Scarlett Johansson on Black Widow’s “sexualized” debut and how she’s changed; if Pixar had made Michael Mann’s Heat; Peter Jackson’s new Beatles doc will air over six hours this Thanksgiving.
But First: The Suicide Squad and Guardians of the Galaxy director James Gunn would like actors to please stop lying about how tall they are.
Let Me Save You a Google: He’s six feet tall. Also, we have a big interview with Gunn coming up in our next issue that we’re excited about.
Get Back, Loretta: Disney+ will finally present Peter Jackson’s The Beatles: Get Back, in three parts over the Thanksgiving holidays. The film, compiled from footage from Michael Lindsay-Hogg’s 1970 documentary Let It Be, will air three episodes of about two hours each on November 25, 26, and 27. Here is some more background on the project and the volatile period for The Beatles in which it when it was shot. For our younger readers, “The Beatles” were like a K-Pop group we stan, except British.
Black Widow: In response to a question from Hello Beautiful writer Sade Spence during a Q&A to promote Black Widow, Scarlett Johansson talked about the early “hyper-sexualization” of her character when she was introduced in 2010’s Iron Man 2, and how she’s evolved: “You look back at Iron Man 2 and while it was really fun and had a lot of great moments in it, the character is so sexualized, you know? Really talked about like she’s a piece of something, like a possession or a thing or whatever — like a piece of ass, really. And Tony even refers to her as something like that at one point. What does he say? … “I want some.” Yeah, and at one point calls her a piece of meat and maybe at that time that actually felt like a compliment. You know what I mean? Because my thinking was different.”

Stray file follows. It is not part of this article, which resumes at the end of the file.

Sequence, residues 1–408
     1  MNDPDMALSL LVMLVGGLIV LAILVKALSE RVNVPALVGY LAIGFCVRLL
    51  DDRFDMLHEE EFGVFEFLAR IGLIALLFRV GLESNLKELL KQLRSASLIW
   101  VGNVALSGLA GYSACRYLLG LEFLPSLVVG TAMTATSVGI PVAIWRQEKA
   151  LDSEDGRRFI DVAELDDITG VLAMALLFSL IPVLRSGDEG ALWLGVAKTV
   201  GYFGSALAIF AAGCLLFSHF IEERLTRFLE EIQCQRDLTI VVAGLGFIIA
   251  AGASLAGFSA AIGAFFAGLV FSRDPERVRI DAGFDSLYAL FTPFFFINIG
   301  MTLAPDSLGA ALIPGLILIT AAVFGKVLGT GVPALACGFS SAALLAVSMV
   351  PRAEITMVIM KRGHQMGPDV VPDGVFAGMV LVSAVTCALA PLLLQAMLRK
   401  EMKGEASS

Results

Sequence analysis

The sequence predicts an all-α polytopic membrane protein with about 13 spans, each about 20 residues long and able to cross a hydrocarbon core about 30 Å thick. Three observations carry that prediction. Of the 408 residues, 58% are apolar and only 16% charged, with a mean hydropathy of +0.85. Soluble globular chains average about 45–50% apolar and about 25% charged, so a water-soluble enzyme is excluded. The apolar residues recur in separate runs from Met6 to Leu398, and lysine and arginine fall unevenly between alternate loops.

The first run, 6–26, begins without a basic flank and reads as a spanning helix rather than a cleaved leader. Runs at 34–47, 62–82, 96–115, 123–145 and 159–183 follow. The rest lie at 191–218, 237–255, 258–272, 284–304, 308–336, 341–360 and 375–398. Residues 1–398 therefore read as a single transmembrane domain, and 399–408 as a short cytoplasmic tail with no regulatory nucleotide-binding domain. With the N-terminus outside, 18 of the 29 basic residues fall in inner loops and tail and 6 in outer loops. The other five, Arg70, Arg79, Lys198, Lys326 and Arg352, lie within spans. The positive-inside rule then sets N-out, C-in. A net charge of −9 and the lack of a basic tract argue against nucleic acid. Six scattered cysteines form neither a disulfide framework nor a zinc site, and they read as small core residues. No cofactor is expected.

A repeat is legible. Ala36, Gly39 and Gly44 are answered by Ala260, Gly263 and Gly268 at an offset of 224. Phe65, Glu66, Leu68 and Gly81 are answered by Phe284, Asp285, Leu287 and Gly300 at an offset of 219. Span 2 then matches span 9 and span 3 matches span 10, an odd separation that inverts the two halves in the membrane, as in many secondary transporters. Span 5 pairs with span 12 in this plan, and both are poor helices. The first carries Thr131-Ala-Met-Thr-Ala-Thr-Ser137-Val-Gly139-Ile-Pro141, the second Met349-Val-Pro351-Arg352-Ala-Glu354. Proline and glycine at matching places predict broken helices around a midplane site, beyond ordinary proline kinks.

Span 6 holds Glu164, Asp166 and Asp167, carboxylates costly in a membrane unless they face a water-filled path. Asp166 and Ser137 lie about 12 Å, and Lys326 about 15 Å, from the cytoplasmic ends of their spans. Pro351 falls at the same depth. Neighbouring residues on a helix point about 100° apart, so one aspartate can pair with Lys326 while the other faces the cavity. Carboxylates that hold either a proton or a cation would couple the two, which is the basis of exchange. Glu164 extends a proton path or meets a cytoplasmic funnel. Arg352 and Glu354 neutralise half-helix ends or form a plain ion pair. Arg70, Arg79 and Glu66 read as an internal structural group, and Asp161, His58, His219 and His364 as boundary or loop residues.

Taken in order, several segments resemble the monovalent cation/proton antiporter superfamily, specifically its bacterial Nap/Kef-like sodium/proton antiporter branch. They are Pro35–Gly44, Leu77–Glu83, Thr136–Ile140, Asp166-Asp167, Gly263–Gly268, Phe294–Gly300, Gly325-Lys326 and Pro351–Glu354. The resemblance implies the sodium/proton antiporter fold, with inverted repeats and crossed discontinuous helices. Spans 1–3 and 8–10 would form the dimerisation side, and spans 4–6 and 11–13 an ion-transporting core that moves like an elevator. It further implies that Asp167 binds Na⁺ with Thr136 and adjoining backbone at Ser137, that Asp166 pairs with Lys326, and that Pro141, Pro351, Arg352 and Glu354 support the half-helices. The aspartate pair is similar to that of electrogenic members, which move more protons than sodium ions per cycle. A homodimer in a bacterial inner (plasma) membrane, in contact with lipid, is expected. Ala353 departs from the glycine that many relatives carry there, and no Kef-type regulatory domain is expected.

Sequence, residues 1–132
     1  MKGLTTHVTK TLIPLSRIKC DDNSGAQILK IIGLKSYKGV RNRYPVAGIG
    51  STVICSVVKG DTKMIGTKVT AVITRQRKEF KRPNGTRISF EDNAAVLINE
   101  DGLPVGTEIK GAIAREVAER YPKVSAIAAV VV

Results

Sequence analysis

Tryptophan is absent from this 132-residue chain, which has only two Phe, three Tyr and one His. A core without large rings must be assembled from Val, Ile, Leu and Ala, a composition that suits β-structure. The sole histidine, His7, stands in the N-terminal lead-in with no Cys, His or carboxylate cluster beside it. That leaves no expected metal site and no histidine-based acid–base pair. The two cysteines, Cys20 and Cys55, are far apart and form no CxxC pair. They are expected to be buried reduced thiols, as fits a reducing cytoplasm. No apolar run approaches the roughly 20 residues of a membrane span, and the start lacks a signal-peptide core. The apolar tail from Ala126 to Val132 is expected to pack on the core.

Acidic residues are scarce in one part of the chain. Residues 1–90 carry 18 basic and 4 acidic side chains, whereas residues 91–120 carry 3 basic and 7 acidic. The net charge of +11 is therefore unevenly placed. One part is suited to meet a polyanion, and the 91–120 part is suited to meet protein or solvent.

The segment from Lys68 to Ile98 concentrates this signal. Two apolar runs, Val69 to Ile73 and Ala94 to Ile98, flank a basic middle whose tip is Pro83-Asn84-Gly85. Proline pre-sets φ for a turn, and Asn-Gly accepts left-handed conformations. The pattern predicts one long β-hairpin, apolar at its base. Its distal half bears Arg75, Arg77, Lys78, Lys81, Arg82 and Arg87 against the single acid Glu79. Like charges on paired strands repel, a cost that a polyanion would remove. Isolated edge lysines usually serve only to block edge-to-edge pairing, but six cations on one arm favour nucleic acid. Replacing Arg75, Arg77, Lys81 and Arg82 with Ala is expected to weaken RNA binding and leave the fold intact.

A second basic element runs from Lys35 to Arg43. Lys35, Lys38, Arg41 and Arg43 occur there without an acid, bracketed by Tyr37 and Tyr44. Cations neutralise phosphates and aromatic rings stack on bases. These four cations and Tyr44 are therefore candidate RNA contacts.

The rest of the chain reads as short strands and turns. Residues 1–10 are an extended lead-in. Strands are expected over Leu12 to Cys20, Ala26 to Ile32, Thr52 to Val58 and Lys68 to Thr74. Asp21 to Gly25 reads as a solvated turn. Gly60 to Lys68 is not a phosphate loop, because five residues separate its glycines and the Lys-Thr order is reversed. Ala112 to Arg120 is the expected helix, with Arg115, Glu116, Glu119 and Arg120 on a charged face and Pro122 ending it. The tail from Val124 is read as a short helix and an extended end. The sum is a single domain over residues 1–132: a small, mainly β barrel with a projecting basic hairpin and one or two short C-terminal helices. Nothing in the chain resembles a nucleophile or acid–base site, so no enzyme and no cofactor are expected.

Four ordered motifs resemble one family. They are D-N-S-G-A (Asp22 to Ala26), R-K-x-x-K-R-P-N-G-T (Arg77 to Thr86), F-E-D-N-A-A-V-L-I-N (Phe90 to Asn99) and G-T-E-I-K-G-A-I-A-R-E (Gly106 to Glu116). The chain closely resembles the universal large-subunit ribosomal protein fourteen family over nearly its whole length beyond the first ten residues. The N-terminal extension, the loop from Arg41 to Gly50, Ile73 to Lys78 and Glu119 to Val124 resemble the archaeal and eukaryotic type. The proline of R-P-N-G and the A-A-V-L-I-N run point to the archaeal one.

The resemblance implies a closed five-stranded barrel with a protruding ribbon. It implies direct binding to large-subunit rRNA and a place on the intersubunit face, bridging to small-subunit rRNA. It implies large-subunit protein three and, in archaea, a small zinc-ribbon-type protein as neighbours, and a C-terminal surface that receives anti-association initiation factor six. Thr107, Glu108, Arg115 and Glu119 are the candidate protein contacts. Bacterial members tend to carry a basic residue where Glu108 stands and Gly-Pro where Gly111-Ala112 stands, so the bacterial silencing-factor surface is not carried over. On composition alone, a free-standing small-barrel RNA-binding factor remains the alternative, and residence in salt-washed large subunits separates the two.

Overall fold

Here’s the Introduction of Black Widow in Iron Man 2: Tony Stark actually says “I want one,” not “I want some,” but it’s the same general idea.
Dune Debut: If you were on the fence about the Venice Film Festival, let me push you right over: Denis Villeneuve’s Dune will premiere there, according to Variety.
Disney and Pixar’s Heat: Here is something cool on Twitter. I gather from the thread below that this masterpiece was created with a simple Snapchat filter.
Disney and Pixar’s HEAT pic.twitter.com/irSUDZw61d
— Robert Palacios (@RobertPalacios2) June 16, 2021
A Thought: In the glorious future, when everything is Pixarized, actors’ height won’t matter.
Main Image: Al Pacino, left, in Michael Mann’s Heat, and a modified version.